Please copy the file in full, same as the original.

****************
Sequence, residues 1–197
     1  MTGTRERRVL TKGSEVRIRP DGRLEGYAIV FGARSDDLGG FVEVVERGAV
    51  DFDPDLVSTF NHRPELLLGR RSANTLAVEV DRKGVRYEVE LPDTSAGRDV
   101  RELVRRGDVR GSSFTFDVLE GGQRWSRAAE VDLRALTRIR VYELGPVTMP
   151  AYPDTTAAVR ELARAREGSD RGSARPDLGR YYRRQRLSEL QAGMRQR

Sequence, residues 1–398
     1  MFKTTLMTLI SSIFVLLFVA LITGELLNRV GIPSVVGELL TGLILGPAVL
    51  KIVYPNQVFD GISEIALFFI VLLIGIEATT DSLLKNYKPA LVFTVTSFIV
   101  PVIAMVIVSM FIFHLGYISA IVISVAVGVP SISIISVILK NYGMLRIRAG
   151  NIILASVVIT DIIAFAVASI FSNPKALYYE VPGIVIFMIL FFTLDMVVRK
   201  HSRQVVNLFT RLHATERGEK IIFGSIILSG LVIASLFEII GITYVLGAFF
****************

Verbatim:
Sequence, residues 1–197
     1  MTGTRERRVL TKGSEVRIRP DGRLEGYAIV FGARSDDLGG FVEVVERGAV
    51  DFDPDLVSTF NHRPELLLGR RSANTLAVEV DRKGVRYEVE LPDTSAGRDV
   101  RELVRRGDVR GSSFTFDVLE GGQRWSRAAE VDLRALTRIR VYELGPVTMP
   151  AYPDTTAAVR ELARAREGSD RGSARPDLGR YYRRQRLSEL QAGMRQR

Sequence, residues 1–398
     1  MFKTTLMTLI SSIFVLLFVA LITGELLNRV GIPSVVGELL TGLILGPAVL
    51  KIVYPNQVFD GISEIALFFI VLLIGIEATT DSLLKNYKPA LVFTVTSFIV
   101  PVIAMVIVSM FIFHLGYISA IVISVAVGVP SISIISVILK NYGMLRIRAG
   151  NIILASVVIT DIIAFAVASI FSNPKALYYE VPGIVIFMIL FFTLDMVVRK
   201  HSRQVVNLFT RLHATERGEK IIFGSIILSG LVIASLFEII GITYVLGAFF